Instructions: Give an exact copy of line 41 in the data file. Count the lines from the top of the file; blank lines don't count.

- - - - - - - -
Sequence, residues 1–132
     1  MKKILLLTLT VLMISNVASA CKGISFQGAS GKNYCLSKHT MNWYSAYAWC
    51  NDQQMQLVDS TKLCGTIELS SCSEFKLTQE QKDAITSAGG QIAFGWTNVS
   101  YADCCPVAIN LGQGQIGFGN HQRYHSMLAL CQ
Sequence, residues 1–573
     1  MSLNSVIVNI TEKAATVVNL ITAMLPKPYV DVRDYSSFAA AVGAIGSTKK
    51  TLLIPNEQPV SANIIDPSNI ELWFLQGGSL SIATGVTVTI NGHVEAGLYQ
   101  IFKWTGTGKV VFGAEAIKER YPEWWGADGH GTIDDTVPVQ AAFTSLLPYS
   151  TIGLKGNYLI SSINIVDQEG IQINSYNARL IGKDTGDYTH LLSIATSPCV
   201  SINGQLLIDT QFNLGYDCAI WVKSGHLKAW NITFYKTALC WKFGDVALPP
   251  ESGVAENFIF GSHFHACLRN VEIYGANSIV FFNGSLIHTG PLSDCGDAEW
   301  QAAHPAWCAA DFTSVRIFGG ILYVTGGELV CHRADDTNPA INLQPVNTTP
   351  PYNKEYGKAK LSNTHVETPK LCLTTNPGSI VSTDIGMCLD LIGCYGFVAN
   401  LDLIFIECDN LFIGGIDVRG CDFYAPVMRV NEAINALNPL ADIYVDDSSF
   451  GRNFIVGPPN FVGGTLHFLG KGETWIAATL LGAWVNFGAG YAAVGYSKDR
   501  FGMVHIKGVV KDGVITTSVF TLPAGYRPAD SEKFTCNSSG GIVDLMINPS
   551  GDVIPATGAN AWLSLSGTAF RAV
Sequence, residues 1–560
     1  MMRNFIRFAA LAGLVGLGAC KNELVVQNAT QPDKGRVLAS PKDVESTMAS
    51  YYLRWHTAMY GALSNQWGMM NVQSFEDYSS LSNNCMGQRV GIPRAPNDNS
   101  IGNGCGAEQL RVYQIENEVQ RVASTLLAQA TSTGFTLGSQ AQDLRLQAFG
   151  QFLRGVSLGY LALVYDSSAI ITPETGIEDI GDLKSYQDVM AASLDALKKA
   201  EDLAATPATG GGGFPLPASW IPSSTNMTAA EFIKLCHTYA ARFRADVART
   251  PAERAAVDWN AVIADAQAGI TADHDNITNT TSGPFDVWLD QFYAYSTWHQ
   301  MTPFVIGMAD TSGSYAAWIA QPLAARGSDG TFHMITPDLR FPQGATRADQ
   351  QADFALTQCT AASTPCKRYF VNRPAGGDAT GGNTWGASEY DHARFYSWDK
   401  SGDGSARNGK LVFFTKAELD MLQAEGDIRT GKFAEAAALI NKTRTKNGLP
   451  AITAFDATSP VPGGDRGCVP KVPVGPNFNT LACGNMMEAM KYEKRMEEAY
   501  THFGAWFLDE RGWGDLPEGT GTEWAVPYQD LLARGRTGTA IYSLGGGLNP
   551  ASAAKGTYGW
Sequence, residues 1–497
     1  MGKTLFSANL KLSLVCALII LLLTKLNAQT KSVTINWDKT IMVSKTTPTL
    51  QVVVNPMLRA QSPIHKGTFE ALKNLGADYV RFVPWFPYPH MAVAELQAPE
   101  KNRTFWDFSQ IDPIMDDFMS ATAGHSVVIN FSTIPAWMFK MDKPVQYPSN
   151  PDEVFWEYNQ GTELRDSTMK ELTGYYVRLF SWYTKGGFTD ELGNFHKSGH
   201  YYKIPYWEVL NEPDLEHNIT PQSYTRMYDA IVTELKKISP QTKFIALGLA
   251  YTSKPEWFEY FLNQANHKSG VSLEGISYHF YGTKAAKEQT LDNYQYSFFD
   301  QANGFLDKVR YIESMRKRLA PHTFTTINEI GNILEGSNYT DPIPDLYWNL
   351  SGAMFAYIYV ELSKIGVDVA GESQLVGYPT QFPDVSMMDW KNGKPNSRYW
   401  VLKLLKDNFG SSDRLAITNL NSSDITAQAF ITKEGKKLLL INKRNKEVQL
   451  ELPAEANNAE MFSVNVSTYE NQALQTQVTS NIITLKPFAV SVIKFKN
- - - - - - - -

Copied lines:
   451  ELPAEANNAE MFSVNVSTYE NQALQTQVTS NIITLKPFAV SVIKFKN